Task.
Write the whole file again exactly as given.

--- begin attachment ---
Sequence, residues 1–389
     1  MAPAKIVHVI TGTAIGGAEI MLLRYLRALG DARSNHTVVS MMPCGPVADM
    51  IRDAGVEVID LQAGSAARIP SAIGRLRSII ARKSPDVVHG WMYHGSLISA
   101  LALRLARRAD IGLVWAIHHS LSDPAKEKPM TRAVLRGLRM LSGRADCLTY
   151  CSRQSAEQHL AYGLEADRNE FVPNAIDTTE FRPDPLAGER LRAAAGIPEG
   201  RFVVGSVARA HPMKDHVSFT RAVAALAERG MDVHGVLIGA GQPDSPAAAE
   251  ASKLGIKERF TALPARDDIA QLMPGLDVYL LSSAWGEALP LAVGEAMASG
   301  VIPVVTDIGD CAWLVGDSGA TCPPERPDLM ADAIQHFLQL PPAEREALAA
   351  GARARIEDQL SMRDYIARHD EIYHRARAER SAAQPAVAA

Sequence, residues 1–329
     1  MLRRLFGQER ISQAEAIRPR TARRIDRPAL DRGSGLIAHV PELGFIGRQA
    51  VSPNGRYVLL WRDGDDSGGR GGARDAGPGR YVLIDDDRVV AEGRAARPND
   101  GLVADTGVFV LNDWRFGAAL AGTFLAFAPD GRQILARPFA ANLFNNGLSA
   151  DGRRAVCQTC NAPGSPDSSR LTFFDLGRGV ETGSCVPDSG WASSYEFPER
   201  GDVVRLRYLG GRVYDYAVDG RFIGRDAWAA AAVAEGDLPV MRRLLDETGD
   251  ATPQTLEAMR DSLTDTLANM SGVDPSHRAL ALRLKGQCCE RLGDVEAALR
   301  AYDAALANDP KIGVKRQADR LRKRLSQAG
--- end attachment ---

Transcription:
Sequence, residues 1–389
     1  MAPAKIVHVI TGTAIGGAEI MLLRYLRALG DARSNHTVVS MMPCGPVADM
    51  IRDAGVEVID LQAGSAARIP SAIGRLRSII ARKSPDVVHG WMYHGSLISA
   101  LALRLARRAD IGLVWAIHHS LSDPAKEKPM TRAVLRGLRM LSGRADCLTY
   151  CSRQSAEQHL AYGLEADRNE FVPNAIDTTE FRPDPLAGER LRAAAGIPEG
   201  RFVVGSVARA HPMKDHVSFT RAVAALAERG MDVHGVLIGA GQPDSPAAAE
   251  ASKLGIKERF TALPARDDIA QLMPGLDVYL LSSAWGEALP LAVGEAMASG
   301  VIPVVTDIGD CAWLVGDSGA TCPPERPDLM ADAIQHFLQL PPAEREALAA
   351  GARARIEDQL SMRDYIARHD EIYHRARAER SAAQPAVAA

Sequence, residues 1–329
     1  MLRRLFGQER ISQAEAIRPR TARRIDRPAL DRGSGLIAHV PELGFIGRQA
    51  VSPNGRYVLL WRDGDDSGGR GGARDAGPGR YVLIDDDRVV AEGRAARPND
   101  GLVADTGVFV LNDWRFGAAL AGTFLAFAPD GRQILARPFA ANLFNNGLSA
   151  DGRRAVCQTC NAPGSPDSSR LTFFDLGRGV ETGSCVPDSG WASSYEFPER
   201  GDVVRLRYLG GRVYDYAVDG RFIGRDAWAA AAVAEGDLPV MRRLLDETGD
   251  ATPQTLEAMR DSLTDTLANM SGVDPSHRAL ALRLKGQCCE RLGDVEAALR
   301  AYDAALANDP KIGVKRQADR LRKRLSQAG